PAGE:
HANCEVILLE, Ala. – The Wallace State Community College Genealogy program recently aided a Nashville, Tennessee, writer researching Grand Ole Opry star Minnie Pearl and the Cullman County family she used as influence for her legendary comedic character. Dr. Rachel Martin is writing about Minnie Pearl for Oxford American magazine.
Sarah Ophelia Colley Cannon portrayed Minnie Pearl for more than 50 years and was best known for her enthusiastic “how-dee” and the straw hat she wore with the price tag still attached. Cannon, who passed way in 1996 at the age of 83, received the National Medal of Arts award in 1992, was the first woman to be inducted into the National Comedy Hall of Fame, and is a member of the Country Music Hall of Fame.
Martin said she pitched the idea for the article to the magazine. “I had seen the story about Minnie Pearl/Sara Colley coming to Baileyton, Alabama, and I said, ‘Well, this seems fascinating. I wonder what else I can learn,’” she said.
In January 1936, the Wayne P. Sewell Production Company of Atlanta sent Sarah Ophelia Colley to Cullman County to perform in “The Flapper Grandmother,” to raise money for the DAR school in nearby Joppa. Caught in a blizzard, Colley stayed as a guest at the home of Mattie Burden in Baileyton.
In her memoir, Cannon told how Burden influenced the character. The staff of the Genealogy program helped Martin locate the Burden home, newspaper articles and local people with information.
Martin said she first visited the Cullman County Library, where staff referred her to Wallace State.
“They did an amazing job of just helping me get oriented into this project,” she said. “I had a very tight deadline and knew I needed help even figuring out where to enter into the research process. They were amazing in helping me begin to construct a methodology for what I might be able to find and where I might be able to find it.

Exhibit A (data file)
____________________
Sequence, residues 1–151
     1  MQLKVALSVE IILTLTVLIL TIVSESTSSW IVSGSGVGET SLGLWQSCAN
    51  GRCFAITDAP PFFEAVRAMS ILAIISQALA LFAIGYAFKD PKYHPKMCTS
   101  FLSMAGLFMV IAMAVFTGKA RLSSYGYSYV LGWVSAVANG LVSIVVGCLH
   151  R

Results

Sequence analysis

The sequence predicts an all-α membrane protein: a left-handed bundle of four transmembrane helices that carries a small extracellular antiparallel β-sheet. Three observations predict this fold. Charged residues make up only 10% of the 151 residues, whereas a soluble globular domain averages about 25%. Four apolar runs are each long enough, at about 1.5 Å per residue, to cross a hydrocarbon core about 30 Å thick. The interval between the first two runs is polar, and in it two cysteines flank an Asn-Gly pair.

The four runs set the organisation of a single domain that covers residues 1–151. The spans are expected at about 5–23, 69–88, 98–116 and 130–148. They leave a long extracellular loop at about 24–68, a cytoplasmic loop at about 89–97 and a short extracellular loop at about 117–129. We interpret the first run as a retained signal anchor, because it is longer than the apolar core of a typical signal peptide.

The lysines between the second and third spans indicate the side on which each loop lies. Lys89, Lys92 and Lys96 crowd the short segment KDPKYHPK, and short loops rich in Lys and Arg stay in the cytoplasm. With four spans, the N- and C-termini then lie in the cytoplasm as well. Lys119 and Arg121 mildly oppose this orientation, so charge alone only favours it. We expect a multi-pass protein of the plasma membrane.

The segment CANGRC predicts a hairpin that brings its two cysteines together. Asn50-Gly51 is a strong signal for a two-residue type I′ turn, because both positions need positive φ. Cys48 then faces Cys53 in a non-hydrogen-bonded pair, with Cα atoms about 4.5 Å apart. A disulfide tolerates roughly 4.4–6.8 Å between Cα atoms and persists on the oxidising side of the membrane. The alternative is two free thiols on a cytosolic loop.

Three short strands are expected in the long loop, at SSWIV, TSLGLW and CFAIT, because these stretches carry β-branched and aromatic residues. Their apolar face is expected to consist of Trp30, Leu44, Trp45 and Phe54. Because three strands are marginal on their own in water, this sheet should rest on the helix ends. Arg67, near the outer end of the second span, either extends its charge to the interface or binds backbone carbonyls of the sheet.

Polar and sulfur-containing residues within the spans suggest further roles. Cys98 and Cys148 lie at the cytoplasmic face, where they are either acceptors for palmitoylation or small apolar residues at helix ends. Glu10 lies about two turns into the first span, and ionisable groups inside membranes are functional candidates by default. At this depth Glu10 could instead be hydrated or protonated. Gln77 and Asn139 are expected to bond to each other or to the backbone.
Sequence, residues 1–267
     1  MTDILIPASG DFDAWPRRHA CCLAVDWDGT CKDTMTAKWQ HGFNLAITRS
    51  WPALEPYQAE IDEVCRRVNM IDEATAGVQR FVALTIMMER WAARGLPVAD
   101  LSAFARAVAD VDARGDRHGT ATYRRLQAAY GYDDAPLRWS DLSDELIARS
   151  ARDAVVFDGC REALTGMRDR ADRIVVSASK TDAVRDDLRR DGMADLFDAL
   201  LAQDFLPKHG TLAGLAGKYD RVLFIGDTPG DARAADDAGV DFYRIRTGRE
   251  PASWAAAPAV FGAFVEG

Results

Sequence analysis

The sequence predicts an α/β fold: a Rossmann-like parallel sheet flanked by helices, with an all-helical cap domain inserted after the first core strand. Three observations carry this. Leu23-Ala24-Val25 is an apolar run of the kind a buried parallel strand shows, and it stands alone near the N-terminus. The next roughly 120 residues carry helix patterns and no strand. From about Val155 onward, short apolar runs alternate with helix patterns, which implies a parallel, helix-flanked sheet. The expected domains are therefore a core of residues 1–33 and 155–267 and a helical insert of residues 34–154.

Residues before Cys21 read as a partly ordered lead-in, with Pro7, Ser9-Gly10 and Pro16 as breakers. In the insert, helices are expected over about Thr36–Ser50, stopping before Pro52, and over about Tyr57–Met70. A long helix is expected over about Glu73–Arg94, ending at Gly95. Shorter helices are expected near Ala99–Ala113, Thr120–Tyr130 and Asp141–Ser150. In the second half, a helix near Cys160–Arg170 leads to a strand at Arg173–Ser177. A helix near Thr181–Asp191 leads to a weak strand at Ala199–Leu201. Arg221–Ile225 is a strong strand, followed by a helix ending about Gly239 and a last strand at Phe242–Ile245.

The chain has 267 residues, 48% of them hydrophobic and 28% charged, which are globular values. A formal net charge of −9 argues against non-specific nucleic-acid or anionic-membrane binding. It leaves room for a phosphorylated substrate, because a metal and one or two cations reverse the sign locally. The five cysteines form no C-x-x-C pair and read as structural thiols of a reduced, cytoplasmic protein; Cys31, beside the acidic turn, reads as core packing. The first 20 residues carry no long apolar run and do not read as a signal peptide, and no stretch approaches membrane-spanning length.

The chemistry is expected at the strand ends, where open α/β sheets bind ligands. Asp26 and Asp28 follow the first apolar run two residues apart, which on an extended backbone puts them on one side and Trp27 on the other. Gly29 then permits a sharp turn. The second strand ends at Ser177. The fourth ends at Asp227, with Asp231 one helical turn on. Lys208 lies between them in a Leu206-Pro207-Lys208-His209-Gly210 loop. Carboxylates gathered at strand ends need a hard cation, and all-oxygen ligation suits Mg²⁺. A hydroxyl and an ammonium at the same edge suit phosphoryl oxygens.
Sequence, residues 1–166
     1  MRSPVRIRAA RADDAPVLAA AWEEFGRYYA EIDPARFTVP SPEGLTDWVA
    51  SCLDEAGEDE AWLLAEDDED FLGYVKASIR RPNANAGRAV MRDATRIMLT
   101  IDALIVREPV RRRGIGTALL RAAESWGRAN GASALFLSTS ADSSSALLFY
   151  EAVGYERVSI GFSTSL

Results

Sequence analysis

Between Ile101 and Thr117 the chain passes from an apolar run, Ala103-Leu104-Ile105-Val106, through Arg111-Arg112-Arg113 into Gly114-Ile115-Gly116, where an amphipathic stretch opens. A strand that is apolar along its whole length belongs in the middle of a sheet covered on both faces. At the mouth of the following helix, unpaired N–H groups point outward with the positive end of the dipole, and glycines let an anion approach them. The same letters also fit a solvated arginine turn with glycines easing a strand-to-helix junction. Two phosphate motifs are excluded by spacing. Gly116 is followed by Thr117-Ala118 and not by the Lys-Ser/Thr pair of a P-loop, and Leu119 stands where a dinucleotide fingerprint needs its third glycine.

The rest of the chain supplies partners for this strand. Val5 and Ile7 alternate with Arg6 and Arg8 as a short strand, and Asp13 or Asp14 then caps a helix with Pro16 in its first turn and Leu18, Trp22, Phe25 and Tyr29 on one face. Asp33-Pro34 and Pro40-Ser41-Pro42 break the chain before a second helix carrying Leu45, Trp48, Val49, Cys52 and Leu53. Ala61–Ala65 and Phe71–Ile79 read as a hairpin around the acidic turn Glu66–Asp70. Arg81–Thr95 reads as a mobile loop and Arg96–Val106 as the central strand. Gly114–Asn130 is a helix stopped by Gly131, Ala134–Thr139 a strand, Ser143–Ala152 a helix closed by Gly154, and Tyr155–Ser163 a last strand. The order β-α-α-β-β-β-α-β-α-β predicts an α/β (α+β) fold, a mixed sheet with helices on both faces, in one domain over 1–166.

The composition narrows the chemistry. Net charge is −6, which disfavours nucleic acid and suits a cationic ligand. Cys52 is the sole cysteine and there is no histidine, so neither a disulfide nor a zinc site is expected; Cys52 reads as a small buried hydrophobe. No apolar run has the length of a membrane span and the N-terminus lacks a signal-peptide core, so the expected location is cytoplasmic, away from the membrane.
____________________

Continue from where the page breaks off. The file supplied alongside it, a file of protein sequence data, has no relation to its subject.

“They even introduced me to a number of other people in Baileyton and in Cullman County who have been invaluable through this process,” she added. “In fact, I managed to find a couple of her grandchildren who are still living.”
Martin said the Burden family still shares the story of Sarah Colley’s visit and their connection to an iconic character.
“It’s something that I think the family finds very endearing and also very special to know that their grandmother became someone who was immortalized in such a way,” Martin said.
Martin expects the article to be published in the summer issue of Oxford American, which usually publishes around June 15.
Professor Robert Davis, Iman Humaideh and Tanya Shearer of the Genealogy program primarily help Cullman area researchers in finding ancestors and in projects such as helping the local chapter of the Daughters of the American Revolution in saving the Joppa School building and persons writing books about Cullman County.
This unique program has also helped popular national genealogy and history television shows; Alabama Heritage Magazine and other publications; The 1619 Project; and much more. It has received national recognition from the American Association of State and Local History and other organizations.
Aside from this great family and local history library, Wallace State also offers continuing education and college courses in genealogy. Interested persons should contact Davis at firstname.lastname@example.org or 256-3473903. The program is adding an archive of historical documents and research in the Cullman County area.
Davis teaches the classes and supervises the collection. He has spoken to hundreds of groups across the country, has over 1,800 publications, and has made national television appearances. Among his current projects, he is researching the ghost town of Baltimore and the African American Marriot Creek Colony, both in Cullman County. Wallace State Community College is celebrating National Women’s History Month, sharing the stories of women this month and inviting Wallace State women to share their stories in a video project.
The theme for the month by the National Women’s History Alliance is “Celebrating Women Who Tell Our Stories.”